• Joe Szekeres

Presented by Theatre Aurora and The One Voice Project

Executive Producers: Sergio Calderone and Neill Kernohan

Production Design: Sergio Calderone

Lighting Design: David Buffham

Technical Design: Neill Kernohan

Director: Shawn Rocheleau Performer: Shelagh Hughes Carlini

By Joe Szekeres, Supervisory Toronto Critic for On Stage Blog

To conclude its’ One Voice Project of four short plays by Andrew Biss, Theatre Aurora presents ‘The Replica’, an uncomfortable dramatic monologue of what is billed as “an abused wife who reflects on her past and deconstructs the emergence of the replica that now haunts her present.”

Yes, at times, this story is extremely uncomfortable to hear the abuse this woman endures but Shelagh Hughes Carlini handles the subject material confidently. There were some stern matter of fact of truth moments that bothered me as to why this woman would not report her husband to the police for spousal abuse. And there were times where I was applauding why this Woman behaved like she did. (I’m trying not to give spoilers here).

Ms. Carlini is in clear control of her performance every minute thanks to careful direction by Shawn Rocheleau. I especially liked the juxtaposition of the, at times, rather cavalier description of the state of this Woman’s marital relationship (or lack thereof) between she and her unseen husband, Carl, but she colourfully painted for me a picture of a horrid man who only wants a trophy wife replica of the ‘perfect woman’ to parade about through business dinners and violent sexual lovemaking.

Throughout the approximate 26-minute monologue, Ms. Carlini does not leave her makeup table equipped with various products of eye shadow, eye liner and creams of all sorts. There is a makeup mirror to her right on the table. What is effective about her performance is Ms. Carlini’s natural use of reaching for various products while she is speaking directly to the audience. I was on every word she was delivering to us, and the prop was used effectively in the moment. Good stuff.

I’m not sure if this connection to the script is intentional or not, but I couldn’t help but think of author Ira Levin’s story ‘The Stepford Wives’ (1975 novel and first film, not the stupid second one). As the woman, Ms. Carlini is smartly dressed, coiffed, ‘made up’, and very attractive at the top of the production. As the Woman begins to remove her make up and the story’s tone turns very dark and horrific, there are moments where Ms. Carlini’s subtly shows that tinge of sadness in her eyes, much like the audience saw in the eyes of the character Joanna at the end of the first film. (sorry for that spoiler alert). For me, Ms. Carlini nicely played with the use of eyes and entire face to indicate many of the emotions she was experiencing while she had to live with her imbecilic husband who deserved to be carted off to prison.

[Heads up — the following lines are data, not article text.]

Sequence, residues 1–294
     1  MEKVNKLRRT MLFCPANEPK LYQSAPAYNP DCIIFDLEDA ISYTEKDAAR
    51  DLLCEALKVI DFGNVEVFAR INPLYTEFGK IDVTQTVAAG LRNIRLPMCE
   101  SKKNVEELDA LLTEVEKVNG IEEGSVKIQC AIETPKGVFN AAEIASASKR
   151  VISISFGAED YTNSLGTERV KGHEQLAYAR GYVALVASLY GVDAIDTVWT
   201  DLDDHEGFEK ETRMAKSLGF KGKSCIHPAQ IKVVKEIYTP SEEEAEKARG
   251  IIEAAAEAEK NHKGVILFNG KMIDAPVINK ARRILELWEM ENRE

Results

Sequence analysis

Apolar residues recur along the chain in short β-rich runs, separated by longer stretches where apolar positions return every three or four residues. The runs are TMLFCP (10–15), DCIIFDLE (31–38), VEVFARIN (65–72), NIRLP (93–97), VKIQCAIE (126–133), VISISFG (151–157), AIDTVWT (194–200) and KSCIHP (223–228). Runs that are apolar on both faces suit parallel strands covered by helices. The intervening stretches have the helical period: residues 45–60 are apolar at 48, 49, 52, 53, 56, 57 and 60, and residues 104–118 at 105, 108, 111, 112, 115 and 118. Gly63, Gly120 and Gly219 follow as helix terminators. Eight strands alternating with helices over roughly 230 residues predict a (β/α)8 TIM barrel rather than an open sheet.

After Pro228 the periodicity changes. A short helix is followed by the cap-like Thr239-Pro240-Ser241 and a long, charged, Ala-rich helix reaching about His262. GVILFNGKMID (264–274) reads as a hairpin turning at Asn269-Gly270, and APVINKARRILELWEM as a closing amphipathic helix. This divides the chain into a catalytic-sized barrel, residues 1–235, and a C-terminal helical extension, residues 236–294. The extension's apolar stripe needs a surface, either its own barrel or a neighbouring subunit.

I applaud Theatre Aurora for taking this opportunity to focus on strong performances of the spoken word through the one act play format. Cost to view any of these four one acts for 72 hours is $5. Click

Presented by Theatre Aurora and The One Voice Project

Executive Producers: Sergio Calderone and Neill Kernohan

Production Design: Sergio Calderone

Lighting Design: David Buffham

Technical Design: Neill Kernohan

Director: Kay Valentine Performer: Cam Lund

By Joe Szekeres, Supervisory Toronto Critic for On Stage Blog

Theatre Aurora has taken its ‘One Voice’ Project to a new performance level height of intensity in Episode 3 ‘A Small Act of Vandalism’ by Andrew Biss. The theatre website describes this brief plot: “Malcolm (Cam Lund), a gentle, middle-aged soul with a troubled mind, keeps his mother’s ashes sealed in a small porcelain box. What he keeps hidden among his memories, however, isn’t so easily contained.”